“One should hunger after the whole concept, the whole mood, what the music stands for.”
–William Pleeth, cellist (The Musician’s Way, p. 71)
When we approach an unfamiliar composition, I recommend that we map out a preliminary interpretation before we deal with technical issues.
But once we have basic musical and technical issues in hand, how do we elevate our interpretation to concert level? Here are 6 ways.
1. Record Yourself
Self-recording helps us perceive how we truly sound and size up the impact of our expressive gestures.
2. Listen to Professional Recordings and Performances
Deep listening exposes us to diverse interpretive perspectives.
3. Study Scores and Resources
By delving into scores and the circumstances surrounding a composition’s creation, we gain fresh insights.
4. Deepen Emotional Connections
To tap into deeper emotions, we might consider what images, feelings, or storylines a piece might evoke.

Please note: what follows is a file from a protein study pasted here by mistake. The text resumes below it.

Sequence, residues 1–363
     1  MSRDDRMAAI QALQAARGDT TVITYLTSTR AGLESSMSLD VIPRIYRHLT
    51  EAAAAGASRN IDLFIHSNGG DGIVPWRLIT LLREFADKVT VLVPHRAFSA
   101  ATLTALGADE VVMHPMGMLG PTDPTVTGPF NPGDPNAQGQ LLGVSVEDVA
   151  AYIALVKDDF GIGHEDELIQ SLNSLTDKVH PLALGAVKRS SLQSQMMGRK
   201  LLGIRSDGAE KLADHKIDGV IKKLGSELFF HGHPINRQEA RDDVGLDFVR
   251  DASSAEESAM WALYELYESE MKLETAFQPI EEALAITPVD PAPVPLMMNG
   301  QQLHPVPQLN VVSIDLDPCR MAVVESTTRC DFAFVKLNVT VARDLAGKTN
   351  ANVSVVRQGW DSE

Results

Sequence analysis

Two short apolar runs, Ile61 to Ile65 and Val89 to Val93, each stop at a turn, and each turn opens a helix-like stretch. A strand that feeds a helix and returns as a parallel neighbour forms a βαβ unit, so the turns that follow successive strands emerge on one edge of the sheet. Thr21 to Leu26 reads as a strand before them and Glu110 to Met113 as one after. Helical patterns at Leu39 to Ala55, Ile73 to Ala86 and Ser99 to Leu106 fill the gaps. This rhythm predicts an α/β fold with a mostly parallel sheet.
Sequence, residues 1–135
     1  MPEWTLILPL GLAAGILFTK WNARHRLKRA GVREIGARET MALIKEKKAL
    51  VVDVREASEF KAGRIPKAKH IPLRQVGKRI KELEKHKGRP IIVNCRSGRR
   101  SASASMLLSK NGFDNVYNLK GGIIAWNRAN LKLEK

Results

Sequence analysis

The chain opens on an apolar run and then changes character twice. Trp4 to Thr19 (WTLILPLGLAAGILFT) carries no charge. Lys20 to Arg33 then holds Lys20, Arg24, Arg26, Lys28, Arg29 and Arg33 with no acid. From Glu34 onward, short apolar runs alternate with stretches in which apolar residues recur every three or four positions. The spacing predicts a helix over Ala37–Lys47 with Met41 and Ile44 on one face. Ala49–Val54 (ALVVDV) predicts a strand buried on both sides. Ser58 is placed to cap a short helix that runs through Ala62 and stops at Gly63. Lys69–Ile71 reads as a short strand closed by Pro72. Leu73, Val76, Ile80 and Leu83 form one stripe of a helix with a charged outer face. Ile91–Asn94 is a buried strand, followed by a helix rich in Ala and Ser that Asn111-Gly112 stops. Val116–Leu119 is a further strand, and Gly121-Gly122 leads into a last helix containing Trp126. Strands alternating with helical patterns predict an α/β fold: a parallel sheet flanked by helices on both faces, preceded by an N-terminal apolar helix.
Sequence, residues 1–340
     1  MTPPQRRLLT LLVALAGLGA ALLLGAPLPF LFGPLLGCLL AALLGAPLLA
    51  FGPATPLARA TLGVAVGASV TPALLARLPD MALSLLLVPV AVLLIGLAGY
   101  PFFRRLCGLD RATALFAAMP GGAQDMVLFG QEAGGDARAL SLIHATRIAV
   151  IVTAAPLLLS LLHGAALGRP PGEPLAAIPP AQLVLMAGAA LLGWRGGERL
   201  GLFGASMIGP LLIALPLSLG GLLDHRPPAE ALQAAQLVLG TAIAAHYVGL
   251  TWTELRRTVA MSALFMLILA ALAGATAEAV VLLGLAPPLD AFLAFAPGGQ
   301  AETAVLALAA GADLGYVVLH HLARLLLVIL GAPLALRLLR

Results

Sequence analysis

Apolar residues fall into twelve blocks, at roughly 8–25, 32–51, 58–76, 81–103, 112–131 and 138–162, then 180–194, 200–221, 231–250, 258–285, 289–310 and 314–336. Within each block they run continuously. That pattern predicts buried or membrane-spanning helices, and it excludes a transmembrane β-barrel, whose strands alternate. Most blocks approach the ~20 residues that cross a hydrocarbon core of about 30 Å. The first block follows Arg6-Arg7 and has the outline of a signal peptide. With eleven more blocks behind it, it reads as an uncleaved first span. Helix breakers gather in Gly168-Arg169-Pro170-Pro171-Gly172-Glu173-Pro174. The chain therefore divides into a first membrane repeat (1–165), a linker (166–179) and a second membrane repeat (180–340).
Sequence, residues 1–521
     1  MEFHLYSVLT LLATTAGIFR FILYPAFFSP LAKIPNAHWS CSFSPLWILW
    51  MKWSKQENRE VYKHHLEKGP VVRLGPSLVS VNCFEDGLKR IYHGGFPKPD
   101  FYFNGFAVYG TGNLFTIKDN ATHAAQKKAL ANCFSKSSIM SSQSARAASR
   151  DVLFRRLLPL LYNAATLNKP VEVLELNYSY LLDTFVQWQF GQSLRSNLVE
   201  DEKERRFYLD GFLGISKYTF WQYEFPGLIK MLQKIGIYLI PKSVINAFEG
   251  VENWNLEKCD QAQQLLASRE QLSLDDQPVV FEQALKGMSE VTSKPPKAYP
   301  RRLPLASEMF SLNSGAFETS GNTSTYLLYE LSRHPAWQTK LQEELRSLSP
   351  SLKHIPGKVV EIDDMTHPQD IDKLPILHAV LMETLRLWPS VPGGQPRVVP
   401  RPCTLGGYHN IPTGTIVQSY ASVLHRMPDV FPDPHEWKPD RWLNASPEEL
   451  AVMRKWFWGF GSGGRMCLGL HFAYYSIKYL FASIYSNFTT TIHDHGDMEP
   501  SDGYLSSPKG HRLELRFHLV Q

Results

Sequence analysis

We might change practice settings or instruments, exaggerate our dynamics and timing, or improvise on a piece’s themes. Then, we can craft our far-flung ideas into coherent forms.
6. Schedule Coaching Sessions
When we request feedback from fellow musicians, we open ourselves to different viewpoints, which can lead to creative breakthroughs beyond what we could attain on our own.
See The Musician’s Way for holistic approaches to interpretation, practice, and performance.
© 2012 Gerald Klickstein
Photo © Gregory Johnston, licensed from Shutterstock.com